How can we characterize and understand the relationship between men and women? One answer to this question involves group membership, including the relative social roles men and women “ought to” occupy and thus the extent to which men versus women hold status and power in society. Another involves intimate heterosexual relationships, such as how men and women “ought to” care for each other in their close, personal relationships. These answers highlight the complexities of the relationship between men and women, which can be considered as both intergroup and competitive and interpersonal and cooperative.
As outlined by ambivalent sexism theory (Glick & Fiske, 1996, 2001) these conflicting concerns of power and intimacy produce two related forms of sexist attitudes toward women (see Connor, Glick, & Fiske, Chapter 13, this title). Hostile sexism encompasses competitive attitudes that cast women as incompetent, overly emotional, and attempting to unfairly undermine men's power. These attitudes reinforce men's advantaged societal status by threatening and denigrating women who could challenge men's power. However, protecting societal-level advantages in this manner comes at the expense of men attaining security and satisfaction within intimate heterosexual relationships. Benevolent sexism arises to offset these costs and facilitate men's relationship needs. Benevolent sexism characterizes the relationship between men and women as mutually beneficial and based on complementary traits and social roles: Men are “completed” by cherishing and protecting female partners who, in turn, adopt the role of warm, supportive caregivers.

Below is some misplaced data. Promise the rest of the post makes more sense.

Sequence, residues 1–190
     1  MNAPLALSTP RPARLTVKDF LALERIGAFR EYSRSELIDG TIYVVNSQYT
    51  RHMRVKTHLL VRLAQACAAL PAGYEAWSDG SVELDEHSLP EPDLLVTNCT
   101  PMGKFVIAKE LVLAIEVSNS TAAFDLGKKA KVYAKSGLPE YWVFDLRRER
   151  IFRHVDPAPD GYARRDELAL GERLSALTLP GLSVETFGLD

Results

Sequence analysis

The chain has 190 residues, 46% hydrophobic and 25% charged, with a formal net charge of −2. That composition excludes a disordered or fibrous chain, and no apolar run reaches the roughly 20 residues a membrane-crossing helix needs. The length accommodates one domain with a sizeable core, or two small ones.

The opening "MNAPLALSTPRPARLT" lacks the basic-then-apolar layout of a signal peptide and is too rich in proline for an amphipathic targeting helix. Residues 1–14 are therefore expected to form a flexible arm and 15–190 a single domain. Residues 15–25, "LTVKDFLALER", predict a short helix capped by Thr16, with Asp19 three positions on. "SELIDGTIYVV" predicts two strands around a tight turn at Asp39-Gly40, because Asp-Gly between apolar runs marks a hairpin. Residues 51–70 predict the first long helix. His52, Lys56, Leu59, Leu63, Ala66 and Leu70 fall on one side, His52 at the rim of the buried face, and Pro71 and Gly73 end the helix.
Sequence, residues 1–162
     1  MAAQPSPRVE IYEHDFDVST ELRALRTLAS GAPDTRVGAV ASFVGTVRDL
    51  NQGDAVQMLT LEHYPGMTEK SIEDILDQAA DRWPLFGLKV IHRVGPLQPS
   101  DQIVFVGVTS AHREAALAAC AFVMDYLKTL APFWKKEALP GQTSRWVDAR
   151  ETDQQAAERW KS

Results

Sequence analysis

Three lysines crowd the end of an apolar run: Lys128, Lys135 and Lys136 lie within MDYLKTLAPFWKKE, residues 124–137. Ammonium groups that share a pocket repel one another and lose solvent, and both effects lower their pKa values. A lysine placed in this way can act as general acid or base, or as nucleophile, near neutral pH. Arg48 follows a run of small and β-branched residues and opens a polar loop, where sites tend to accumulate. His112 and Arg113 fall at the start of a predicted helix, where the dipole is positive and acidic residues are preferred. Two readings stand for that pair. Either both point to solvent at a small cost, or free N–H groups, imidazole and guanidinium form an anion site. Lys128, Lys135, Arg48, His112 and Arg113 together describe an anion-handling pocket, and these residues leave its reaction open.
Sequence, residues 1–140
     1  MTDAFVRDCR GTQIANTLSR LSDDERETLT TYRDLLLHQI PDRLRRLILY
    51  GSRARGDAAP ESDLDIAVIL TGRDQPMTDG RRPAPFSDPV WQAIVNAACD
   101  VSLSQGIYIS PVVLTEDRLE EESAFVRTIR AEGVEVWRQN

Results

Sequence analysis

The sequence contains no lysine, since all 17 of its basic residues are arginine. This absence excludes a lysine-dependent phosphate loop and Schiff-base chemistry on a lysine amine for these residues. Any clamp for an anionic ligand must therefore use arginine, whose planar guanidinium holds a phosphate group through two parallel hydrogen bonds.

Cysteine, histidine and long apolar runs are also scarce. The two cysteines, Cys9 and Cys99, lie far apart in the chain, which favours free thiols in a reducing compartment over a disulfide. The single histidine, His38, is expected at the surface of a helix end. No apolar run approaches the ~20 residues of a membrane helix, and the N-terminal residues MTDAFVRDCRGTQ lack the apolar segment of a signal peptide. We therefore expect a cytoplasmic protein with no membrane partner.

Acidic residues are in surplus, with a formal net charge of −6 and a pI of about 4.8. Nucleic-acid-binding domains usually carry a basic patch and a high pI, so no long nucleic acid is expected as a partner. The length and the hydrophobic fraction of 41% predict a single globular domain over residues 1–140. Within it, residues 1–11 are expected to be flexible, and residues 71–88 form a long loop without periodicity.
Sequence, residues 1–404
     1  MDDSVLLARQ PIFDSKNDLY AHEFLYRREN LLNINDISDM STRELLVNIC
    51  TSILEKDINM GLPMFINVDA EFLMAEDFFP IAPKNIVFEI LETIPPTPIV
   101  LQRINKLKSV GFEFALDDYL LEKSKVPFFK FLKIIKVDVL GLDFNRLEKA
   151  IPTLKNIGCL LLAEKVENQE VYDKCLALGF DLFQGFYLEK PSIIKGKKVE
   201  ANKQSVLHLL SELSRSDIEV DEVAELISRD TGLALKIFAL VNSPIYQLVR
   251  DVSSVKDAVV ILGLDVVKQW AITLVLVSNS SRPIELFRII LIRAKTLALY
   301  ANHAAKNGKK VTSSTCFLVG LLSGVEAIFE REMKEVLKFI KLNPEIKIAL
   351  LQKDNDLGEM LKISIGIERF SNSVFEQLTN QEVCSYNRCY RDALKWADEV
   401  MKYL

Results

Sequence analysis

In their chapter, Connor et al. examined how ambivalent attitudes restrict women's political, economic, and personal power. On the basis of that foundational chapter, here we take a more fine-grained look at the central role that dynamics within romantic relationships play in the emergence, functions, and consequences of hostile and benevolent sexism toward women. Tables 14.1 and 14.2 summarize the principles derived from ambivalent sexism theory and associated research that we review in this chapter. We begin by examining men's endorsement of hostile and benevolent sexism (Table 14.1). We first outline the difficulties that men's hostile sexism creates in romantic relationships and consider how these deficits necessitate benevolent sexism. We then consider the ways men's benevolent sexism functions within intimate relationships to facilitate men's intimacy needs while maintaining and promoting their power. In the second half of the chapter, we turn to women's endorsement of benevolent and hostile sexism (Table 14.2).